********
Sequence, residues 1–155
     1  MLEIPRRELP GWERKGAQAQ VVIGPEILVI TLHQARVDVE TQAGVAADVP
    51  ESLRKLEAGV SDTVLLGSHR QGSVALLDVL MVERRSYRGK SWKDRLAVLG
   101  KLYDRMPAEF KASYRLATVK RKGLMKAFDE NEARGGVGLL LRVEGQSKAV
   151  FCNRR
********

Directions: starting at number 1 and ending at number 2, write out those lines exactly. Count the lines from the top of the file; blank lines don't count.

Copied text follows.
Sequence, residues 1–155
     1  MLEIPRRELP GWERKGAQAQ VVIGPEILVI TLHQARVDVE TQAGVAADVP